A RIVER ONCE RAN THROUGH IT - the Colorado River Delta Was an Oasis for Wildlife and People until the Water Stopped Flowing
Warrick, Joby, National Wildlife
Ejido Johnson, Mexico. In 1922, a few miles from this dusty farming village, a young forester named Aldo Leopold slipped his canoe into the lower Colorado River and quickly lost his way in a bewildering maze of green. "Verdant walls of mesquite and willow . . . a hundred green lagoons," the storied conservationist later wrote of the Colorado's lush delta. "The river was everywhere and nowhere."
Eighty years later, tracing the Colorado's path to the sea is just as bewildering, but it is anything but green. The semi- tropical marshes and wooded riverbanks have all but disappeared, replaced in many areas by a fissured moonscape of baked mud and desert weeds. And the Colorado itself--the great waterway of the American Southwest--is, in its final stages, a mere ditch in the sand.
"The Colorado ceases to exist here," says José Campoy, a Mexican biologist, as his Dodge Ram bounces over parched tidal flats that once oozed with life. "Every drop of water goes for cities, for farms. There is nothing left for nature, nothing for the river itself."
The transformation was gradual, yet astonishing when measured against the span of a single human life. Older villagers in Ejido Johnson still remember the wild river and emerald lagoons of Leopold's time, and some once made an easy living catching fish in the river's back channels. The 3,000-square-mile delta was then one of North America's most diverse ecosystems. At one time, it was home to as many as 400 plant species and an extraordinary array of birds, fish and mammals, ranging from the rare desert pupfish to coyotes and jaguars.
At the river's mouth in the Gulf of California, the daily churning of the tides blended fresh and salt water into the perfect nursery for tiny brown shrimp and the giant totoaba fish coveted by sportsmen.
That was before Hoover Dam. From the 1930s to the 1980s, ten major dams and dozens of irrigation canals, nearly all on the U.S. side of the border, reduced the river's flow to a trickle. These days, in normal years, the Colorado's last drops evaporate in the Sonoran Desert, miles before the river reaches the sea.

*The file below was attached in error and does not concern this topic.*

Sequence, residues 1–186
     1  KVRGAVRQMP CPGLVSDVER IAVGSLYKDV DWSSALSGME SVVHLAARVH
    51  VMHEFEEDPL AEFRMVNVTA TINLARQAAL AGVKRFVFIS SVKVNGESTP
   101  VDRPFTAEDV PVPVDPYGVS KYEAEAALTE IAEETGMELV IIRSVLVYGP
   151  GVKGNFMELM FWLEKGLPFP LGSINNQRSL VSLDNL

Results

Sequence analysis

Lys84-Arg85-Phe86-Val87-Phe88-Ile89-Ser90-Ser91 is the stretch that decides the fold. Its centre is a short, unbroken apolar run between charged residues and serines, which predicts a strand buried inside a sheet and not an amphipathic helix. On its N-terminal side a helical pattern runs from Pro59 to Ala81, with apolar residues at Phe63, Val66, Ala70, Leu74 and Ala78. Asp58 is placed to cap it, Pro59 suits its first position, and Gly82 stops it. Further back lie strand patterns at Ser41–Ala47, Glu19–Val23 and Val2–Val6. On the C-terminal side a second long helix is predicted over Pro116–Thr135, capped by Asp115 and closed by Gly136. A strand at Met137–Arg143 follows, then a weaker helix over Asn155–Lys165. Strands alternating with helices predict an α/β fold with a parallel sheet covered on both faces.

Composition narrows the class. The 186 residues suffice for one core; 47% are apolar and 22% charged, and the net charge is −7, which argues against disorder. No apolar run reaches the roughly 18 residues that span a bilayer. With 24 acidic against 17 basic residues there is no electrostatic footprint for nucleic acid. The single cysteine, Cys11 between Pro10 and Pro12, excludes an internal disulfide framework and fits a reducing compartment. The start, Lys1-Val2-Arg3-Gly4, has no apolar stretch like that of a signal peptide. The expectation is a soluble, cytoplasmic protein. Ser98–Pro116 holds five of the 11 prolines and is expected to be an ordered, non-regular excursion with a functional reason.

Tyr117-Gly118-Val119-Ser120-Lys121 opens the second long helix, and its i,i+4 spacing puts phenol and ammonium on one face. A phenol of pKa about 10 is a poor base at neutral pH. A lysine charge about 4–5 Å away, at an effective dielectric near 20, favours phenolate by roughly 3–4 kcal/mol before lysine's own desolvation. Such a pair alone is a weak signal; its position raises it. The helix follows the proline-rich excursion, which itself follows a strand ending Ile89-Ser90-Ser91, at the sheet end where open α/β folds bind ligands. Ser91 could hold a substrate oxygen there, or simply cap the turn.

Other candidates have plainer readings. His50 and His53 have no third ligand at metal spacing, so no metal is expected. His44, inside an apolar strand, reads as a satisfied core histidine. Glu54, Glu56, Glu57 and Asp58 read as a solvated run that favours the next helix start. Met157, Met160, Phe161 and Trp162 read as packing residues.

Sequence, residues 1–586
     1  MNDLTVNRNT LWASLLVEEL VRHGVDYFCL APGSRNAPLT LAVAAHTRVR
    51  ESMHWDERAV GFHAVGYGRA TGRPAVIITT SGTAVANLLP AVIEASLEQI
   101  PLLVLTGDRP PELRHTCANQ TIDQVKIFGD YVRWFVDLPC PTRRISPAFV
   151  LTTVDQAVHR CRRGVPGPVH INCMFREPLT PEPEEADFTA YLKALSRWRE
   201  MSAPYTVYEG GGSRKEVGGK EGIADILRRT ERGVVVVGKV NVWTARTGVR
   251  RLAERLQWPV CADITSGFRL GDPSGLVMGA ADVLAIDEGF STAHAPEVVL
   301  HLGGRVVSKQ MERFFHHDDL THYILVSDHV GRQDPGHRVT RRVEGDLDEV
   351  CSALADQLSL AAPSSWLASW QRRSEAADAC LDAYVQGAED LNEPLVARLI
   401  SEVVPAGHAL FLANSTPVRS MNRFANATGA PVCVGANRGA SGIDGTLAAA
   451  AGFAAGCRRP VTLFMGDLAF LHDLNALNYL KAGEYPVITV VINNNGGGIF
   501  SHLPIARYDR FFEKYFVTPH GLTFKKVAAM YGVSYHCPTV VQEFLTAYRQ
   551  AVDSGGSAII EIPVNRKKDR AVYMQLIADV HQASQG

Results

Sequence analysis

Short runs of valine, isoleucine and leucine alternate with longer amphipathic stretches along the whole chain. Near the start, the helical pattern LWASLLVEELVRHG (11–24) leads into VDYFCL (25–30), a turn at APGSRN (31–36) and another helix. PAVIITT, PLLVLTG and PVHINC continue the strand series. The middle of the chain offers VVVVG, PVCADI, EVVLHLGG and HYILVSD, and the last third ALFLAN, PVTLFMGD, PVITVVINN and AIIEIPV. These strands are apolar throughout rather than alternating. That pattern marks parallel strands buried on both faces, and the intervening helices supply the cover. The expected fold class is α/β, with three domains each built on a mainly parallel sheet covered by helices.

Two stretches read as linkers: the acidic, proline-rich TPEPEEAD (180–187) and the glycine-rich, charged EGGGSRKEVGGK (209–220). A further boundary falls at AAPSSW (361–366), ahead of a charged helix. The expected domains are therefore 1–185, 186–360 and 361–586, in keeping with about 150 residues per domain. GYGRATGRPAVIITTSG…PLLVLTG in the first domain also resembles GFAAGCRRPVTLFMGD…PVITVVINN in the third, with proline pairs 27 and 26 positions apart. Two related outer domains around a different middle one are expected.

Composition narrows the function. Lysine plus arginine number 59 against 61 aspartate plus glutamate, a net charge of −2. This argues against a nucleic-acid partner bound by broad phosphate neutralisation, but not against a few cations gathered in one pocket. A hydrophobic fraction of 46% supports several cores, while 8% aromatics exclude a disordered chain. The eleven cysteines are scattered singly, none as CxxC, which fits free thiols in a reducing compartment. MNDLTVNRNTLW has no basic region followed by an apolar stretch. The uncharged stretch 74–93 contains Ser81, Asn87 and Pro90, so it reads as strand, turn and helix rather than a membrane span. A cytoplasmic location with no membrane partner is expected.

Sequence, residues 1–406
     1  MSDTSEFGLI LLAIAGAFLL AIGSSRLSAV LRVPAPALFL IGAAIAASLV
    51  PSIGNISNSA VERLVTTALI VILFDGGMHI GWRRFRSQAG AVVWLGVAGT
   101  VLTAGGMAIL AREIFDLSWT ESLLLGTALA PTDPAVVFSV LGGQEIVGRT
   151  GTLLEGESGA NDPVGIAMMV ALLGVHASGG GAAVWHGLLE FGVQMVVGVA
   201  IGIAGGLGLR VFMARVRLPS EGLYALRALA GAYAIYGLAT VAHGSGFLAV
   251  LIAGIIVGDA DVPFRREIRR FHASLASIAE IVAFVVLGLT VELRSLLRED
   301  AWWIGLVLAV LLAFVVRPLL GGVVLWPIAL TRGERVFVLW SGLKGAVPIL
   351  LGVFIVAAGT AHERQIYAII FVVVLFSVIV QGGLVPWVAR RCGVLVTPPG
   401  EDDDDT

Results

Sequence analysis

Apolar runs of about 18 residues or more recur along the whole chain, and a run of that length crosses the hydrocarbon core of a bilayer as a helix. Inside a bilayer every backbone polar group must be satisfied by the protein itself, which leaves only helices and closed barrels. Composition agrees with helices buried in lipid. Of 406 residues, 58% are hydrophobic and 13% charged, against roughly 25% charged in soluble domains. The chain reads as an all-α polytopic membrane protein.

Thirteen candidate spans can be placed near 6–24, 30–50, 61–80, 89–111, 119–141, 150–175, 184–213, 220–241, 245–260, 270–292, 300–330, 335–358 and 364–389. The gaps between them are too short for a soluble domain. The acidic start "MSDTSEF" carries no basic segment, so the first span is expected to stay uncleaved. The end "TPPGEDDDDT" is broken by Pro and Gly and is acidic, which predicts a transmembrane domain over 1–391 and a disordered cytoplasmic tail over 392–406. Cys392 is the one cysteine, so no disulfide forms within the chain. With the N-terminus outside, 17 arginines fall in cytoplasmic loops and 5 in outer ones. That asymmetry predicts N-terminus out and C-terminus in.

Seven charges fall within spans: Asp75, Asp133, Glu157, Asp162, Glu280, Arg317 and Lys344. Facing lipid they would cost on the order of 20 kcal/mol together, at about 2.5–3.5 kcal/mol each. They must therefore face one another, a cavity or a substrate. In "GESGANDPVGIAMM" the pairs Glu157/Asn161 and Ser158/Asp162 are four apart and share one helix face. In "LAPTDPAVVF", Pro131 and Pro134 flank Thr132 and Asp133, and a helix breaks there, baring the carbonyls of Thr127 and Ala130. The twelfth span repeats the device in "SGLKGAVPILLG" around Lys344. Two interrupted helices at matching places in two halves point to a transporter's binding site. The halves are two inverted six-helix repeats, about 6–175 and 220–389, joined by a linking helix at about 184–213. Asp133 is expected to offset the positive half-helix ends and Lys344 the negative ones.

The dams aren't going away, but some now say it's time for the delta to reclaim a small piece of its natural inheritance. Armed with new scientific data, a coalition of university and government scientists, Native Americans and environmental groups (including NWF) are pressing the U.S. and Mexican governments to guarantee a minimum water flow for the Colorado's delta. Says Campoy, the Mexican government's chief scientist for the delta: "It's time to give a little bit back."
But to give water back to the delta, you first have to find it. In the thirsty Southwest, every drop of the Colorado River has been apportioned by treaties among more than a dozen national, state and tribal governments. Already, the agreements promise more water on paper than the river can deliver, but not nearly enough to meet the demands of booming Sunbelt cities.
"A lot of the U.S. agencies that manage the Colorado would tell you that they would like to see the delta ecosystem restored," says Kevin Doyle, director of habitat conservation programs in NWF's Western Natural Resource Center. "But that desire is confounded by the water demands that fuel the burgeoning growth of places like San Diego, Las Vegas and Phoenix, not to mention the need to restore the river's riparian areas on the U.S. side of the border."
The Colorado's final 100 miles from the U.S. border to the Gulf of California are a slow descent into one of the most hellishly dry places in the Western Hemisphere. Death from dehydration has long been a threat to tribes indigenous to the area. Historically, those tribes regarded the river as a symbol of life. Today their descendants' fates are intertwined with that of the Colorado in ways few could have imagined a century ago. …